Savers ‘could face charges’ for their deposit

By politics.co.uk staff

Mervyn King today admitted banks may have to start charging customers for holding deposits as interest rates drop.

Speaking the House of Commons Treasury committee, the governor of the Bank of England explained low interest rates may lead high street banks to seek new ways to maintain profits.

“Banks will want to raise the question [of charging customers] if interest rates are on such a low level,” he said, explaining the basis on which they make a return from the difference between saving and lending rates is reduced.

Mr King also admitted to a “paradox of policy” over the long-term need to encourage savings in the UK, with the short-term needs of the economy for greater spending.

“Once we are through the immediate problem, there will be a need to increase the national savings rates,” he said.

Turning to the economy and inflation, which reported a surprise increase today, Mr King said: “The biggest concern I have is the state of the world economy. it is the biggest downside risk facing us in the coming years.”

He added the Bank needed to maintain its inflation target as the monetary policy committee (MPC) starts its policy of buying assets on the markets as a part of quantitative easing.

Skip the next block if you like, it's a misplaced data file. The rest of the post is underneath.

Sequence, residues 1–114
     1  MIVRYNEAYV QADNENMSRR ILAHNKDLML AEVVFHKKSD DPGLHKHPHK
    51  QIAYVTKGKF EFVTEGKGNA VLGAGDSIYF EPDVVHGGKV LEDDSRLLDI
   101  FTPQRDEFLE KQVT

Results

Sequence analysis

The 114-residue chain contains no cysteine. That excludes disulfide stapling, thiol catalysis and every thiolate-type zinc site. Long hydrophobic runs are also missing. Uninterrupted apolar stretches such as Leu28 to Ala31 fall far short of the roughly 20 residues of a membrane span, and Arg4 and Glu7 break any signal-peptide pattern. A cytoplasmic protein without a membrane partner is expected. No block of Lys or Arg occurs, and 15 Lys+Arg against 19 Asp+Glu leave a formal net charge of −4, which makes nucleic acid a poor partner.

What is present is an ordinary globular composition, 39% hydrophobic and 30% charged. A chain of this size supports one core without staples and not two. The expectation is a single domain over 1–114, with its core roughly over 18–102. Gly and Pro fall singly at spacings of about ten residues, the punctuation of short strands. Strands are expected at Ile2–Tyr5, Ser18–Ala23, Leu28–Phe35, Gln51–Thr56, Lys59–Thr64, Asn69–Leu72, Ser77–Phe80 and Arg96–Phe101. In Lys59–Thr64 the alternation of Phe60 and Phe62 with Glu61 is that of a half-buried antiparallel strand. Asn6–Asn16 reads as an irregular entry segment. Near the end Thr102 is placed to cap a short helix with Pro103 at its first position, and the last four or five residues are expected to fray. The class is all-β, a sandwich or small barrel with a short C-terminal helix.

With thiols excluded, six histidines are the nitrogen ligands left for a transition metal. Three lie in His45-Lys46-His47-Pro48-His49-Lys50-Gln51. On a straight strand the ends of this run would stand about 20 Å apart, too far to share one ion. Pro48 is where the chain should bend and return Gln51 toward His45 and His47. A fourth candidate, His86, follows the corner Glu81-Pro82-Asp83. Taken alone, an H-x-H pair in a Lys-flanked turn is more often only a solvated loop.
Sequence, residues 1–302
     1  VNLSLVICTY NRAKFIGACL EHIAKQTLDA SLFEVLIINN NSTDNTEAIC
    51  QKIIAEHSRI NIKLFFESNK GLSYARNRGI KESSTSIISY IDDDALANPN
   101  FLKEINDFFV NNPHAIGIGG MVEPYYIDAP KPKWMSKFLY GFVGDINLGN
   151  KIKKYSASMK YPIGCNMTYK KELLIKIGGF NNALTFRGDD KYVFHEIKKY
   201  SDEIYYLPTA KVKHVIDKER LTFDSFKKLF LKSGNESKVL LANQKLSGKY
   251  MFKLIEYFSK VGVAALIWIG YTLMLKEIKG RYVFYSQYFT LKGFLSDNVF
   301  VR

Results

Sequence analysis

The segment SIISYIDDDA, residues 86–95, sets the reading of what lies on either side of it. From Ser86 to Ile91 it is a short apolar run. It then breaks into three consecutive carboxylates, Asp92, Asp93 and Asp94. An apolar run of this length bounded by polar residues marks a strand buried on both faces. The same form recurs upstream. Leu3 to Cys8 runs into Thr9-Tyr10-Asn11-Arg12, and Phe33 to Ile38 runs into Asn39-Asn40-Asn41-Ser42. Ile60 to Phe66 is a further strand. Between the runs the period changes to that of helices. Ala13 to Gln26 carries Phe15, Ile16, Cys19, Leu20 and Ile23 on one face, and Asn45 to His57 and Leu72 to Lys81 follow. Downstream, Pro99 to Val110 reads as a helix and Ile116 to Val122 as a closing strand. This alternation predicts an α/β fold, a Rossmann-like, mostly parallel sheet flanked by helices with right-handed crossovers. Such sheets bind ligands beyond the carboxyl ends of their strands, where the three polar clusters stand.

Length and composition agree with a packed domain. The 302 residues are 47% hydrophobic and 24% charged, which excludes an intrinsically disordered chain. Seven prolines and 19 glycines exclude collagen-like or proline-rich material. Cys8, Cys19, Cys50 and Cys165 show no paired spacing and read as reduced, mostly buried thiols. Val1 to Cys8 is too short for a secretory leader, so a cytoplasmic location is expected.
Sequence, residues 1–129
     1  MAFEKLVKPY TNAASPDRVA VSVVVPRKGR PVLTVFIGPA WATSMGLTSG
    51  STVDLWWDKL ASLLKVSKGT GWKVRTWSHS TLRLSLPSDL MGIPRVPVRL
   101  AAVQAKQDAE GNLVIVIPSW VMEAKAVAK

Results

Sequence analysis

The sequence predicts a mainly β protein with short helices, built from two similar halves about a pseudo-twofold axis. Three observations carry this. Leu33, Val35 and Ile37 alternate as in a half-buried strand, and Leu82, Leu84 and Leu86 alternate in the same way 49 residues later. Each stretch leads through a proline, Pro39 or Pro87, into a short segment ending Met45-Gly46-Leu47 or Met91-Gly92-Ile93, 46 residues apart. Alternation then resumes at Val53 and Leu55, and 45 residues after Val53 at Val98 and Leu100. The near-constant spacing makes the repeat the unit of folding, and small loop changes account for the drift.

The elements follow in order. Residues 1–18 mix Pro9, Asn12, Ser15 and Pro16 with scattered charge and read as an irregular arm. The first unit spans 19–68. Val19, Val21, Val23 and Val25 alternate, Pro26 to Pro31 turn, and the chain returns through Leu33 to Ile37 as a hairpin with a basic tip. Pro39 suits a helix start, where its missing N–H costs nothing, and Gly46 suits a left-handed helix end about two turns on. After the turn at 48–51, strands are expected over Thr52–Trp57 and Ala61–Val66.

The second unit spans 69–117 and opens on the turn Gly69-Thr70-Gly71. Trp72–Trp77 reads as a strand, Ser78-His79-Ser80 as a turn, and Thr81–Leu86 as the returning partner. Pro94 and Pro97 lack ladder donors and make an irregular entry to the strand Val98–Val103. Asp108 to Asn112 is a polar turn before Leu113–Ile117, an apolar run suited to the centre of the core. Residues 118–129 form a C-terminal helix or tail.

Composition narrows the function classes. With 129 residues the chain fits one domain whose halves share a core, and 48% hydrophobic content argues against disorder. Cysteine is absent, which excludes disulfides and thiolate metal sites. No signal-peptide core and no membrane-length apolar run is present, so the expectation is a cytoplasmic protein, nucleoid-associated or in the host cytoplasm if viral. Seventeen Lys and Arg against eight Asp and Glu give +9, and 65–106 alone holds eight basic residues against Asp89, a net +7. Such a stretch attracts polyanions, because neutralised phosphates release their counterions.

“It is most important we stick to close targets. That is the anchor everyone must hold on to,” he said.

“We are trying to bring the future outlook back up to target. We have no interest in seeing interest rising above that.”

Mr King also told MPs: “In six months’ time we will be able to look back and see. the impact of initial [quantitative easing] operations.

“We would aim to do £75 billion in three months. We might need to do less if it works,” he explained, pointing to the US Federal Reserve’s own success.

The governor of the Bank of England, however, was confident of a recovery for the UK and global economy.

“There will be a recovery in the UK…The precise timing and degree of strength are hard to judge,” he told MPs.

He explained it was hard to judge as it was uncertain when banks would start to recover.

Mr King also warned against further fiscal stimulus for the economy.

“We are facing very large fiscal deficit, there is no doubt,” he said.

He explained large scale tax cuts should not go ahead, but small scale targeted fiscal stimulus could.

“We can do more monetary easing, monetary policy should bear the brunt,” he said.